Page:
The making of a flexible invisibility cloak

Well, don't expect a Harry Potter style invisibility cloak just yet. But researchers at the University of St Andrews have developed a flexible metamaterial that is a step closer in that direction.
Written by Boonsri Dickinson, Contributing Editor

Before 1999, it seemed impossible to render objects invisible. But over the past decade, researchers have been actively searching for the perfect material that could be used to change the laws of physics and make objects disappear. Recently, scientists have created an invisibility cloak made of glass and even created a three-dimensional cloak.

However none of cloaks could bend light in the visible spectrum. They were too clunky.

Size matters if you want to create an invisibility cloak that can make objects disappear to the naked eye. Andrea Di Falco, a researcher at the University of St Andrews, developed a flexible metamaterial that might get us closer to fabricating smaller nanostructures. Di Falco's thin-film polymer research was published in the New Journal of Physics.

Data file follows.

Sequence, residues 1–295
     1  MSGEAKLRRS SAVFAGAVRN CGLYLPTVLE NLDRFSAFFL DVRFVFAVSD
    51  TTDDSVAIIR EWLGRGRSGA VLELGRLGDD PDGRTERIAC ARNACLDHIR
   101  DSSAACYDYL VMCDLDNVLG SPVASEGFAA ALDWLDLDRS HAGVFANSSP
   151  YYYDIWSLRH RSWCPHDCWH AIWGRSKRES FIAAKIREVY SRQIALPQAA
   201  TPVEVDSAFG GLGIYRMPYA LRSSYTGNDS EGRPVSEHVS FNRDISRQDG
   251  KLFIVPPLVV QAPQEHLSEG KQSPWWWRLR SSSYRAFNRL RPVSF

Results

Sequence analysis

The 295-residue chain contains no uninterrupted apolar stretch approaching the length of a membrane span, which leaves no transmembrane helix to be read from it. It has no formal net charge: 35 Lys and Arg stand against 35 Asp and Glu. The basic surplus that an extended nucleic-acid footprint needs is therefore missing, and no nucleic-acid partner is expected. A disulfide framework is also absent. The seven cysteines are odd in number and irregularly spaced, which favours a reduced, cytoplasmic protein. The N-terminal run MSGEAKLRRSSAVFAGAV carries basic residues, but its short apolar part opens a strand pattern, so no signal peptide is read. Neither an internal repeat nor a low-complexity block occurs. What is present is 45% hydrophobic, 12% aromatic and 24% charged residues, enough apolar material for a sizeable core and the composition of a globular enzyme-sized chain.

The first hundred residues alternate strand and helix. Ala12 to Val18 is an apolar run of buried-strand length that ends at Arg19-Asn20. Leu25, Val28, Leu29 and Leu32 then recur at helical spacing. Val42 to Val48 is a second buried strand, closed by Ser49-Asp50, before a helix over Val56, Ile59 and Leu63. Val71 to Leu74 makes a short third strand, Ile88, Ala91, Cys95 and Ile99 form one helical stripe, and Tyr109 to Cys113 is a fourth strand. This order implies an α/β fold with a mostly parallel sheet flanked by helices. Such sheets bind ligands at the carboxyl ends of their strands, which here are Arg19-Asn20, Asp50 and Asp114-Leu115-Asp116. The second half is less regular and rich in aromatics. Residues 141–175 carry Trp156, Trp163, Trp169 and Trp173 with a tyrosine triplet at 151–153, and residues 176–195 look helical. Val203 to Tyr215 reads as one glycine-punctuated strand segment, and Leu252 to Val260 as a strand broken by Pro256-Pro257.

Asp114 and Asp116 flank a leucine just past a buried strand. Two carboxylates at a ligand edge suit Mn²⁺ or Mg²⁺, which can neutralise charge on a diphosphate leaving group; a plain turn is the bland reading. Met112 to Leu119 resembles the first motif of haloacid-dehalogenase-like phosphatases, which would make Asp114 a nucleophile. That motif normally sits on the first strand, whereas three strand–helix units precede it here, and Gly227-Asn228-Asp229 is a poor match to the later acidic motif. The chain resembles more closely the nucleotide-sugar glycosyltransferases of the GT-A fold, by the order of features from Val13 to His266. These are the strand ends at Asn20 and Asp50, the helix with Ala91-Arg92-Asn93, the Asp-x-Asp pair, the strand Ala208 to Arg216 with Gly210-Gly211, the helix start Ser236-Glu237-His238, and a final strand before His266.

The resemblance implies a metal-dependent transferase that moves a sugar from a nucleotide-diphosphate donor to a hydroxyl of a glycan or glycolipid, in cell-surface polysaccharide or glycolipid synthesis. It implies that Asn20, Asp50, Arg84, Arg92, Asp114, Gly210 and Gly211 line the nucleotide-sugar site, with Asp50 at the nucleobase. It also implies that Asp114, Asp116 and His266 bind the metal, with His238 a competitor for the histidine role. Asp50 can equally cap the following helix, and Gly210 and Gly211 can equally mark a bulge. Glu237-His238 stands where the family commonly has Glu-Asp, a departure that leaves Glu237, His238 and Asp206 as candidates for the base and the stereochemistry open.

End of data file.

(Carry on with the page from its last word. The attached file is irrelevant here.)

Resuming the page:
To make things invisible, the light would have to hit an object then return to its normal path. Metamaterials can literally do that, by changing the way the light bends around objects. Normally light bends as it passes through different types of materials. The textbook example is when light changes its path when it travels through air to water.

Instead of fabricating the material on silicon, Di Falco decided to make a single layer film.The metamaterial might be more flexible than silicon, but it still can't bend light on a random shape (like Harry Potter's body).

But don't expect Di Falco to begin manufacturing Harry Potter-style cloaks anytime soon. Scientists still need to understand how the metamaterials will behave.

Making objects invisible isn't all fantasy. Developments in metamaterials could lead to better camera lenses and contact lenses. And invisible cloaks could allow aircrafts to fly under the radar and could get rid of that annoying static on your cell phones.

via BBC

This post was originally published on Smartplanet.com

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